Sommerfield also objects that he has only been granted discovery of how CPD officers (under Knasiak) were disciplined for the precise infractions that Knasiak charged Sommerfield with committing: insubordination (of various types) and failure to perform police duties. See Order 5 (quoting one of Sommerfield's interrogatory requests). Sommerfield raised this argument before Judge Cole in his fifteen-page "Memorandum of Law of Contrasting How the Defendant Disciplined Similarly Situated Employees Under the Same Rules and Policies for Which Defendant Charged the Plaintiff," where he asserted that:

[C]onduct that is of "comparable seriousness" (that is, unidentical, but rather comparable) in this matter is any act for which the Defendant issued a written reprimand or suspended an employee, not just those persons alleged to have violated the specific charges for which the defendant charged the plaintiff.

Mem. Contrasting, etc. 12 (Doc. Nos. 104 & 105). While this statement of law is a correct, see, e.g., Ezell v. Potter, 400 F.3d 1041, 1049-50 (7th Cir. 2005), the defendant Sommerfield refers to above is the City of Chicago, not Knasiak, who was terminated from this case on February 14, 2007. See also Am. Notice of Dep. (requesting discovery of "all persons in the Chicago Police Department from 1 January to the present" who committed a variety of infractions). Thus Sommerfield requested (in his briefing and in his Amended Notice of Deposition) discovery of all discipline taken against officers -- across the entire CPD -- charged with conduct of comparable seriousness to the infractions Knasiak charged Sommerfield with. Such a request is vastly overbroad; Judge Cole had forbidden department-wide discovery many times before and Judge Cole was well within his discretion to refuse again to compel the City to produce such burdensome discovery.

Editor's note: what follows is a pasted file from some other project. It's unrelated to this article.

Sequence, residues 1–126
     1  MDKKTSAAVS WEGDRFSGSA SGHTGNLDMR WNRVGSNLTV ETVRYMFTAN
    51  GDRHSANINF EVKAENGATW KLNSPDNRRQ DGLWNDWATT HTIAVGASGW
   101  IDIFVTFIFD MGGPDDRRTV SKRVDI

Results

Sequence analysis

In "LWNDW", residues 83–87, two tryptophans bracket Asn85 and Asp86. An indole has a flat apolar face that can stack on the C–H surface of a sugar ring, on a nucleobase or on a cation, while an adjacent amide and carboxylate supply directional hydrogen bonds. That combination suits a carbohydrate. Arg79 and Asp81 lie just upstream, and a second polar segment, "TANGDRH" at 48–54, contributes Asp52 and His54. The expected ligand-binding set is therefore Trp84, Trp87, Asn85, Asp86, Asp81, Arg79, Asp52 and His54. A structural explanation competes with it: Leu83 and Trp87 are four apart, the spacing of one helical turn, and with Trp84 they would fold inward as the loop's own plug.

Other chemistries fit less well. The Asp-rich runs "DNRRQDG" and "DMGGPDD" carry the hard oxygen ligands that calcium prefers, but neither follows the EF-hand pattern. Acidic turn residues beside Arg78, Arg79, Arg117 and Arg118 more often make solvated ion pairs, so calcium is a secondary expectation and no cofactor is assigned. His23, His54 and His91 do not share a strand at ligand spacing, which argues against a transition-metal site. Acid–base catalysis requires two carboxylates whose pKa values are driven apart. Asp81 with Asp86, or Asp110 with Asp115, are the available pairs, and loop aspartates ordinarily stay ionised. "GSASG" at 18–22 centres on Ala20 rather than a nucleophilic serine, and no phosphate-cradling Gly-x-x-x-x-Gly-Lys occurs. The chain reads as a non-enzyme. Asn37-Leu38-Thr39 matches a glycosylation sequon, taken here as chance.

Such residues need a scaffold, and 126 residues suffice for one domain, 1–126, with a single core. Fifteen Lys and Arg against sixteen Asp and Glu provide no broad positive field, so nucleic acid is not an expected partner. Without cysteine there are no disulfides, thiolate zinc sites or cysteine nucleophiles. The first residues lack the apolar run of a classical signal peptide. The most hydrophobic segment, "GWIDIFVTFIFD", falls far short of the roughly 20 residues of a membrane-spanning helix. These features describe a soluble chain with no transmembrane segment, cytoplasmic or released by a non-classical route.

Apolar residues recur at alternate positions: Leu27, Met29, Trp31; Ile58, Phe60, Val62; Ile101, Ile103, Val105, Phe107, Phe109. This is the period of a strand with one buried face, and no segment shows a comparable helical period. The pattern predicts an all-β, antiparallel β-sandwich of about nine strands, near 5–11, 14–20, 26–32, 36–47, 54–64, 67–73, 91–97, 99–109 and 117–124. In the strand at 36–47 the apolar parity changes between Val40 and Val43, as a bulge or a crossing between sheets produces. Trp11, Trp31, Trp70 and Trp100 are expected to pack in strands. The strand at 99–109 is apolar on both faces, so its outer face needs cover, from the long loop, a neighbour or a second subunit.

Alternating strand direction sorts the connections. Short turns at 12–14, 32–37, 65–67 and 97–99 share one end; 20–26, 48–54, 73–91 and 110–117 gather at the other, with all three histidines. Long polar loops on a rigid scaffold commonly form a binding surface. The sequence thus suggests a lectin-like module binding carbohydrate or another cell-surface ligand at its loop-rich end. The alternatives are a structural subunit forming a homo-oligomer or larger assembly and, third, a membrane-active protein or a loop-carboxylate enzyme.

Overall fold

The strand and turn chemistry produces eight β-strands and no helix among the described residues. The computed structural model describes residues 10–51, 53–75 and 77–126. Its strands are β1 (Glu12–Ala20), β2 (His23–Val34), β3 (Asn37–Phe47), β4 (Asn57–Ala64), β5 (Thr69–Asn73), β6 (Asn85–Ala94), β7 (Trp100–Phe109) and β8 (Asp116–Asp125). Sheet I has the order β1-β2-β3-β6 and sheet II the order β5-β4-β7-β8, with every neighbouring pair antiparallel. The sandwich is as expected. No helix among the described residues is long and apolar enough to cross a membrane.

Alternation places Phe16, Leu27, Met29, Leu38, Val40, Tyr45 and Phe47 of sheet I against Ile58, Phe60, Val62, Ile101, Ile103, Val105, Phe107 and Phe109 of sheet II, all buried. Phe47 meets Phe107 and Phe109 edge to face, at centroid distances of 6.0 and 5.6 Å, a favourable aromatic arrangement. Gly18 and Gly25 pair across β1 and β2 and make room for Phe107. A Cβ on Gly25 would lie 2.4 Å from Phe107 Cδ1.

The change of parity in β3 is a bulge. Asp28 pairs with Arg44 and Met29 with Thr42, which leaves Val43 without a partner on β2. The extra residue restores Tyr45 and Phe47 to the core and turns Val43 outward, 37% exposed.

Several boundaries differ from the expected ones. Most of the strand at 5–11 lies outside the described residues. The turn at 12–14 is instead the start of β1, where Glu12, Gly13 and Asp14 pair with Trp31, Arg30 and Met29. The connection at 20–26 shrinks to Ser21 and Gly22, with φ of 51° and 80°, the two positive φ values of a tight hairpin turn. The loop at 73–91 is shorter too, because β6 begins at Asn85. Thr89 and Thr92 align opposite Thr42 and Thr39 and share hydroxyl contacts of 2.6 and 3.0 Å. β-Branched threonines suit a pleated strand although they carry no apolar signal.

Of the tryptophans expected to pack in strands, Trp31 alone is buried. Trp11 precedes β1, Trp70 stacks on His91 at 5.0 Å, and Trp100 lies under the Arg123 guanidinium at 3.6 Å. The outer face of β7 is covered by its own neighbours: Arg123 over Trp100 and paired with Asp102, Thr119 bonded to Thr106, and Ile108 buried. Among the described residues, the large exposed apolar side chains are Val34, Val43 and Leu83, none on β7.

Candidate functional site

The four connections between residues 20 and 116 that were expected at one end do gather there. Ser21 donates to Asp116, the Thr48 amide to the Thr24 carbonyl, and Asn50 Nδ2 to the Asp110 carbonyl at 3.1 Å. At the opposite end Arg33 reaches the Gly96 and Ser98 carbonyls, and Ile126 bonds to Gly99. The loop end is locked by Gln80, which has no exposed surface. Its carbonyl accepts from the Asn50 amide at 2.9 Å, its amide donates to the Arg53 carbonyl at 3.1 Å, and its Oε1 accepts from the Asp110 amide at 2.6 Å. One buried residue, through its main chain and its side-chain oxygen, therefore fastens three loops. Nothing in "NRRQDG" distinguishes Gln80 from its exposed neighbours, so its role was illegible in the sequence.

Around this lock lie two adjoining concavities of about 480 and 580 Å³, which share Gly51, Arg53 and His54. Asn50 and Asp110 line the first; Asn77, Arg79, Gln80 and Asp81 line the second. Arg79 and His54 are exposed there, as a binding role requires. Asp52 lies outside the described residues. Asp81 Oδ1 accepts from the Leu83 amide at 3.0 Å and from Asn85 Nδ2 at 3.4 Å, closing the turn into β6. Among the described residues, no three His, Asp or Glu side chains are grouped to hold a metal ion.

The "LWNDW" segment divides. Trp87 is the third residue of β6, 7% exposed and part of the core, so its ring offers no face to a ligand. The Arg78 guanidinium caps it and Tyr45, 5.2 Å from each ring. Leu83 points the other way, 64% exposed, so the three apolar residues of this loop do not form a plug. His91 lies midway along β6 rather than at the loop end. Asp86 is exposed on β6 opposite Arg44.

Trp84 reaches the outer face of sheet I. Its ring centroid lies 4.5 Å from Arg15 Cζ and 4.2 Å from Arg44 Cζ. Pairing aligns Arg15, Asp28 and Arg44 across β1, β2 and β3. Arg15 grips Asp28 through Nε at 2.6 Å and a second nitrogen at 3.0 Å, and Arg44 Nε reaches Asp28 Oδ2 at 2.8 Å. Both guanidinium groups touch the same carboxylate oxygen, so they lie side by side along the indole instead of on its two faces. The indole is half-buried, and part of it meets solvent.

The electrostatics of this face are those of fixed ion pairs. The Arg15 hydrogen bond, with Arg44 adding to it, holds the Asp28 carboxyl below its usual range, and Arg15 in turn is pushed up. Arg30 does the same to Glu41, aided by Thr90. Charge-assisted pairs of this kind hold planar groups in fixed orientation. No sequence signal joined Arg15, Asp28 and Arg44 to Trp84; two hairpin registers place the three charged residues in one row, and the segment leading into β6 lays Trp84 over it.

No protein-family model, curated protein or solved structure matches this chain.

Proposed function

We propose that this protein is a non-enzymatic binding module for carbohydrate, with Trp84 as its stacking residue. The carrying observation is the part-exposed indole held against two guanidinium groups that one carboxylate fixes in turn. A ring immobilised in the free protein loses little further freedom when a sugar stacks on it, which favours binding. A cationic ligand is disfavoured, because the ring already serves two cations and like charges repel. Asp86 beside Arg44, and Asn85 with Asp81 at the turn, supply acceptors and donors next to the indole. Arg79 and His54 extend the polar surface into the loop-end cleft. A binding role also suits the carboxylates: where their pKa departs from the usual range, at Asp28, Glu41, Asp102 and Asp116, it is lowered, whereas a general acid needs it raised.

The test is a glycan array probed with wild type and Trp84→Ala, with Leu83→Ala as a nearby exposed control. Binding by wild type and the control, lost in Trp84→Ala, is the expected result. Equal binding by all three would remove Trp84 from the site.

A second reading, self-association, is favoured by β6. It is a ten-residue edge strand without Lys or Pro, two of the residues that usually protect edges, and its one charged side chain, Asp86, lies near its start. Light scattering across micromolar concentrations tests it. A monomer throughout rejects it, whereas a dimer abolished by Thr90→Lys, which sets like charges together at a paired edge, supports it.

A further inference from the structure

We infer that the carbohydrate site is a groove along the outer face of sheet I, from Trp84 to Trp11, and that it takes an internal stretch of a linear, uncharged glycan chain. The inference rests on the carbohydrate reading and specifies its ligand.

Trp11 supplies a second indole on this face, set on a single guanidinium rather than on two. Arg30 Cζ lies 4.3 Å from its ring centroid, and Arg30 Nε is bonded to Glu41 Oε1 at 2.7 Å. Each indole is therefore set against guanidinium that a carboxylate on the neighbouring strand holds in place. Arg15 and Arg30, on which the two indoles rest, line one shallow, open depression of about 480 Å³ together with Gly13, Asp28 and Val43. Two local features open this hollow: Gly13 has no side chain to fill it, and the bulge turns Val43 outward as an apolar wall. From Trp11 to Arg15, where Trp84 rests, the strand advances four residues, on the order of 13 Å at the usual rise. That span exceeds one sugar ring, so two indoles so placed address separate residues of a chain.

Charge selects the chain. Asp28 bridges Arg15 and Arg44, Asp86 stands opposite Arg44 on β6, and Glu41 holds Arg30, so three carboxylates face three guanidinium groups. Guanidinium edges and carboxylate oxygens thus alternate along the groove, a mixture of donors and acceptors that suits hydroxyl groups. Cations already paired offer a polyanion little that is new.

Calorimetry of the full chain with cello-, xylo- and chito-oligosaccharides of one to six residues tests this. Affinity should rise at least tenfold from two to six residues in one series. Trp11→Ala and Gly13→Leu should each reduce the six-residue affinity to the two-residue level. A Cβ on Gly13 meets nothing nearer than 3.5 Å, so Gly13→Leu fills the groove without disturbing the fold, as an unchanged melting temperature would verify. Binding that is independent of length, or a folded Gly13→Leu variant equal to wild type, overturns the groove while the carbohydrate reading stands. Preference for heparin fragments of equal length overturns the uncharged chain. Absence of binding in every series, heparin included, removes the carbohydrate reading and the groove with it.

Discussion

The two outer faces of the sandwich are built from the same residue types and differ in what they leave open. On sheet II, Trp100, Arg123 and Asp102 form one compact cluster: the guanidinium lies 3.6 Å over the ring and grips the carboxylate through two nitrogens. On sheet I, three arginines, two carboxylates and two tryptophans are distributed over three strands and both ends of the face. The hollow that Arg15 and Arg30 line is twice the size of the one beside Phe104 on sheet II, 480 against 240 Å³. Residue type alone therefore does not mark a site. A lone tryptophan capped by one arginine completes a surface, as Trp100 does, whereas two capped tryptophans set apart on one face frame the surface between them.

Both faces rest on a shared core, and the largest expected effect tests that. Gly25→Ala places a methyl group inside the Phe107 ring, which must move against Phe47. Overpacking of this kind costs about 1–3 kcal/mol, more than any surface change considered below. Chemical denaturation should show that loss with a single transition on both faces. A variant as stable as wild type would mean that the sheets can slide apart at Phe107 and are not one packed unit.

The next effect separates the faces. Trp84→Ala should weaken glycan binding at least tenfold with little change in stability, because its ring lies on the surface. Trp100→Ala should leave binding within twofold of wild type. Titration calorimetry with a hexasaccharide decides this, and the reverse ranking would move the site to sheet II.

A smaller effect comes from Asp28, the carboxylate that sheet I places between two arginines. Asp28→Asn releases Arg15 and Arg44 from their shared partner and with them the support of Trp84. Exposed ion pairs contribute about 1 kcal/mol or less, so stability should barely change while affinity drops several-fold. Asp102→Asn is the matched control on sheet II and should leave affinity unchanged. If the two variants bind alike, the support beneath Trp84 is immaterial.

It appears from the briefs that Sommerfield has received discovery of how Knasiak disciplined officers who committed the same infractions as Sommerfield. See Resp. 10. Were Sommerfield to have asked for discovery relating to a larger universe of infractions that Knasiak disciplined officers for, Judge Cole might or might not have granted such discovery. But that was not the question before Judge Cole, and it is not the question before the court on this mind-splitting record. That Judge Cole might have granted Sommerfield more limited discovery had Sommerfield requested it is of no moment since he did not do so and Sommerfield cites no authority indicating that Judge Cole has an affirmative obligation to tailor a party's overbroad discovery request. Judge Cole, like this court, resolves disputes in the form in which the parties present them. He reasonably excercised his discretion to do so here.


Plaintiff's Objection to Magistrate Judge's Ruling of 8 May 2009 Relating to Similarly Situated Employees is overruled.

JOAN B. GOTTSCHALL United States District Judge